Tag: Marin Thomas

Arizona’s Mini Grand Canyon

Arizona’s historic Salt River Canyon is also called the Mini Grand Canyon. Last year in August on this blog I mentioned visiting Globe, Arizona, where I was lucky enough to take a tour of the haunted Drift Inn Saloon. When we left Globe that afternoon to return to Phoenix we took the scenic route through the canyon.

 

 

 

 

 

 

 

 

 

The drive offers breathtaking views from your car window. The route has several pull-offs along the way and I recommend stopping at every one. The drive is full of hairpin turns that take you down one wall of the canyon to the valley floor before crossing a scenic bridge and then climbing up the other side of the canyon. The area contains prehistoric petroglyphs and the Salt River is one of few rivers that flow through the saguaro cactus forests of the Sonoran Desert and offers over 200 species of wildlife.

There are no maintained trails in the canyon and about half of the outdoor enthusiasts who visit the area each year are skilled white-water navigators and ride the turbulent waters from March to May.

 

 

The Salt River Canyon is full of history and was used by Apache Warriors during the 1800s to hide from the U.S, Calvary troops. Today the river provides the border between the San Carlos Apache Reservation to the south and the White Mountain Apaches to the north.

Photo Credit                                                     Photo Credit

     

The famous Battle of Salt River Canyon took place in in 1872 and was part of the Tonto Basin Campaign and Yavapai War from 1871-1875. Thirty Apache scouts led the 5th Cavalry Regiment to a Yavapai stronghold in a canyon cave.

Photo Credit

The warriors refused to surrender and in the end seventy-six Yavapai were dead, including Chief Nanni-chaddi and several women and children. The bodies of the dead were left in the cave, which today is also known as Skeleton or Skull Cave and is believed to be haunted.

 

 

As much as I love nature and love seeing our beautiful country, I confess I’m not much of an outdoor enthusiast. I don’t mind taking a nature hike but you won’t catch me pitching a tent in a forest, riding white water rapids or climbing rocks. What about you?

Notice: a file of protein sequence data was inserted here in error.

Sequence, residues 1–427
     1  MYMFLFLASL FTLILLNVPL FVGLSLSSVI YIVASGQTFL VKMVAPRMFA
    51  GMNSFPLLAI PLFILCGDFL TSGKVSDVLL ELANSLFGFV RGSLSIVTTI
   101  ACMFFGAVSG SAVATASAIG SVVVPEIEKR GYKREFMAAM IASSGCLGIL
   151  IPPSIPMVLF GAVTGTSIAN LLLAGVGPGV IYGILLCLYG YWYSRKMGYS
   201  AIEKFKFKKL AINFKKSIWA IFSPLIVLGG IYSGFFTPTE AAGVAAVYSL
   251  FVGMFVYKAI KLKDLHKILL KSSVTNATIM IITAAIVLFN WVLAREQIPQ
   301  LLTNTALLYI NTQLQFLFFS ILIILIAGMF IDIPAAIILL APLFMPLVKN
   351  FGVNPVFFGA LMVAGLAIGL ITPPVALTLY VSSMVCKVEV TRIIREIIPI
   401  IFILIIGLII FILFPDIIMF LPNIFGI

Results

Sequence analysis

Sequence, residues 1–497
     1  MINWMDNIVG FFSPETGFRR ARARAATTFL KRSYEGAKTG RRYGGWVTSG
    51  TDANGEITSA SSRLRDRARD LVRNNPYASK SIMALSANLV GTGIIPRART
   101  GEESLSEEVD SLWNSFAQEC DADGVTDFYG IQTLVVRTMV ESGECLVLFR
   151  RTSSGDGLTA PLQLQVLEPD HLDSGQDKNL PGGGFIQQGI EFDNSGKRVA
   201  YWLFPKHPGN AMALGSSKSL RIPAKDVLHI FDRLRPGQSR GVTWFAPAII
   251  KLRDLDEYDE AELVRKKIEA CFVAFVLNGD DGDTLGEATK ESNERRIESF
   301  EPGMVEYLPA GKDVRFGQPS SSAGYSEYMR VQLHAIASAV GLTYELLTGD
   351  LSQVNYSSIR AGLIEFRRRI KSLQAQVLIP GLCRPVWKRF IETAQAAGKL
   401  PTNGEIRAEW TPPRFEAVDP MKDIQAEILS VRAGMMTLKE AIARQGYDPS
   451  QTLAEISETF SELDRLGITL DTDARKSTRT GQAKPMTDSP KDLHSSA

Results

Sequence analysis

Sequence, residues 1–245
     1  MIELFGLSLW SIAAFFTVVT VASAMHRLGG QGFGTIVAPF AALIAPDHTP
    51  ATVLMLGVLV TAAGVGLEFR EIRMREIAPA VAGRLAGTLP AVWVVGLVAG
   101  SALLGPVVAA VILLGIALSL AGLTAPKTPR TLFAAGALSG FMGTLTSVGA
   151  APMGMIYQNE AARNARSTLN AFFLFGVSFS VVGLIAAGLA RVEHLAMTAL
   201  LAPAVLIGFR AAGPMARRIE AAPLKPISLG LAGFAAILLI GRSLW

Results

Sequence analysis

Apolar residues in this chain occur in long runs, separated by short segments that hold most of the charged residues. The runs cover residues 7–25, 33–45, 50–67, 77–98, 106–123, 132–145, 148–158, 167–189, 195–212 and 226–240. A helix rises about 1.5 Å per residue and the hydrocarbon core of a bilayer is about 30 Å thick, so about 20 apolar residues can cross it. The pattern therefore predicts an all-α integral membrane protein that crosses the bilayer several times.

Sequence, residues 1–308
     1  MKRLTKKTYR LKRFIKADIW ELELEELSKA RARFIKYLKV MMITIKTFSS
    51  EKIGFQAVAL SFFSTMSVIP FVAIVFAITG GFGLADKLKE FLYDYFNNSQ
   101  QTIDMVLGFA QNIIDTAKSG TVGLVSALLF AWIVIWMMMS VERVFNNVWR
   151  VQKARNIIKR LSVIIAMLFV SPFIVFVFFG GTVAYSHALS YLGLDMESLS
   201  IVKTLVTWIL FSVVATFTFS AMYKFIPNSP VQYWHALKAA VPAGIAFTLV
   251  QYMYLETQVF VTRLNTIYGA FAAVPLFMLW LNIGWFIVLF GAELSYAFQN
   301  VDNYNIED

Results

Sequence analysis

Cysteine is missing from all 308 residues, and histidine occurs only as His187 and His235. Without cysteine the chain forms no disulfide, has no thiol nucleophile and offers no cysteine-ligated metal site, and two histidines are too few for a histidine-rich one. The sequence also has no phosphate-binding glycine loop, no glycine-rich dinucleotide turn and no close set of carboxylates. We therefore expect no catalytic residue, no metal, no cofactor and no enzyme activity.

Until Next Time…Happy Trails!

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Yuma Territorial Prison: Country Club on the Colorado

The Yuma Territorial Prison was known as the Country Club on the Colorado. I’ve wanted to visit this prison ever since I wrote A Cowboy’s Redemption (2015, Cowboys of the Rio Grande series).I wasn’t sure how readers would react to a “contemporary” western with an ex-con hero but I soon learned romance fans love a good redemption story. A Cowboy‘s Redemption  won the 2015 RT Book Reviewers’ Choice Award for best Harlequin American Romance.

 

A MAN WITH A PAST… 

Cruz Rivera is on his last second chance. He can’t afford to blow it by falling for the beautiful blonde widow who just hired him to fix up her family’s New Mexico property. If he’s going to get back on the rodeo circuit, Cruz needs to focus. Besides, a sweet single mom like Sara Mendez can do better than someone with Cruz’s troubled history.

Sara isn’t making it easy for Cruz to keep his distance. He’s a man of many secrets, but Sarah sees only good in his warm brown eyes. Though Cruz knows he should move on before Sara discovers the truth about his past, he can’t leave the closest thing to a home he’s ever known. Cruz is the only man Sara wants—can he become the one she deserves?

 

 

 

The Yuma Territorial Prison is located along the Colorado River on the way from Phoenix to San Diego. Last summer my husband and I toured the historical site. You’ve probably heard of the prison—it’s been the focus of several western movies—maybe the most famous being the original “3:10 to Yuma”, starring Glenn Ford and the 2007 remake, starring Russell Crowe and Christian Bale. Below is a photo of the “country club” from yumaprison.org

Yuma Historical Prison

A total of 3069 prisoners called the Yuma territorial Prison home, including 29 women during the 33 years of operation. $25,000 was budgeted for the construction in 1876 and the first handful of inmates moved in on July 1, 1876.

Yuma Territorial Prison cell Block door  Yuma Territorial Prison

In its hay day the Territorial Yuma Prison had more modern amenities than most homes in town: electricity, forced ventilation, sanitation—two bathtubs and three showers, a library with 2,000 books, the most in the Territory at the time, and an “enlightened, progressive” administration and a Prison Band.

  Hell Hole

Prisoners feared and loathed the Yuma Territorial Prison….because of its “Insufferable heat… that made the place an “inferno,” surrounded by rivers, quick sand and desert in all directions, an inhuman “Snake Den” and Ball and Chain as standard punishment, Tuberculosis was #1 Killer. But of the 112 prisoners who died while at the Yuma Territorial Prison, very few died violently.

Eight were shot while trying to escape. Six commited suicide. Five died in work accidents, only 2 were killed by another prisoner and one was executed by Yuma County.

 

 

Prison Timeline

Yuma Territorial Prison opened in 1876. The guard tower and water reservoir were built in 1882 and electricity hooked up in 1884.

 

Yuma Territorial Prison Tower and Prison water storage tank